Fundamentally, Luvison said, boundary bridgers understand that just doing a good job does not alone drive success. Research exploring how particular leadership styles improve performance of teams has identified three types of leaders. The first type of leadership style describes leaders primarily engaged in task-focused behavior, “managing and driving the team to perform, making sure every executional aspect of the alliance is done properly. The second type are scouts, who see themselves as responsible for bringing resources to the team. The third type are ambassadors focused on dialoguing with superiors and other stakeholders, proactively putting themselves on the agenda of their leaders, and managing behaviors.”

According to preliminary research findings, Luvison said, “ambassador-led teams outperformed [the two others], especially when combined with task behaviors.” Interestingly, he continued, “Frequency of communications was less important than the nature of the boundary-bridging activities. Ambassadors created the opportunity to promote the team, secure resources, and protect it from interference.”

In other words, successful boundary bridgers also demonstrated traits of the other two types of leaders.

The facilitators then asked the two-dozen or so senior alliance execs in the room how they would describe their leadership style and how much time they spend on boundary bridging. General consensus in the room: 50 percent, if not more, of their time is spent on internal alignment across boundaries.

“It’s a full-time challenge to do this. It’s not just something you can do and be done,” commented one pharmaceutical alliance leader.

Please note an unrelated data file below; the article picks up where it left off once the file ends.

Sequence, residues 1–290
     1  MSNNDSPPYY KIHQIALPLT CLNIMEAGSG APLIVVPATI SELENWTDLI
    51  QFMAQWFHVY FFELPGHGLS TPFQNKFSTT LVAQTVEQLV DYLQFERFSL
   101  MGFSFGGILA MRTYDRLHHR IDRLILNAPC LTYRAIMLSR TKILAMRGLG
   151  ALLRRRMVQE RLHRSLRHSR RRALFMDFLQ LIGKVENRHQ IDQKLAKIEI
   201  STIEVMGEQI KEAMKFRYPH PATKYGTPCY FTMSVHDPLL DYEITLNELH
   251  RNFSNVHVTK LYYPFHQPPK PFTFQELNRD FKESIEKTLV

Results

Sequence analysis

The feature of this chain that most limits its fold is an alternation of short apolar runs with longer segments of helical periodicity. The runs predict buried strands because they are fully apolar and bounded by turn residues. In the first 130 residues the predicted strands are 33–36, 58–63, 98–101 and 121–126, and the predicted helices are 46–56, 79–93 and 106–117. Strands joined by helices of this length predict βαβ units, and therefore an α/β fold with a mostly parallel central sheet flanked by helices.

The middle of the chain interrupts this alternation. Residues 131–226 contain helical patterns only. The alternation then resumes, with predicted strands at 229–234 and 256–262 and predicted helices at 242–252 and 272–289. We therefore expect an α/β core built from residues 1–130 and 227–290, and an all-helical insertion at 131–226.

“I find I have to be task-oriented even when being ambassador,” said another senior pharma business development and alliance leader.

A leader in a large high-tech company with an immature alliance practice commented that, “since it’s a new alliance management function at our company, the ratio is much higher. We have to do the WIFM—‘what’s in it for me?’—lots of meetings, lots of time spent,” the exec explained. Her boss “spends 90 percent of his time as ambassador and is more networked than most senior leaders at company,” she continued, adding, “But we do split duty—you can evangelize, but you can’t deliver the goods if you’re not executing.”

Another leader commented that “it’s a fallacy that software will solve the problem, that [you can]manage by software, manage by milestones, and forget about alignment. Then you are managing instead of leading. And if leaders are not leading, managers default to tactical.”

Stay tuned for more of ASAP Media’s coverage of the Leadership Forum and other seminal leadership discussions at the 2019 ASAP Global Alliance Summit.

Tags:  ARM Partners  boundary bridgers  communication  Dave Luvison  McKinsey  stakeholders  strategic alliances  The Rhythm of Business  Timothy B. Steele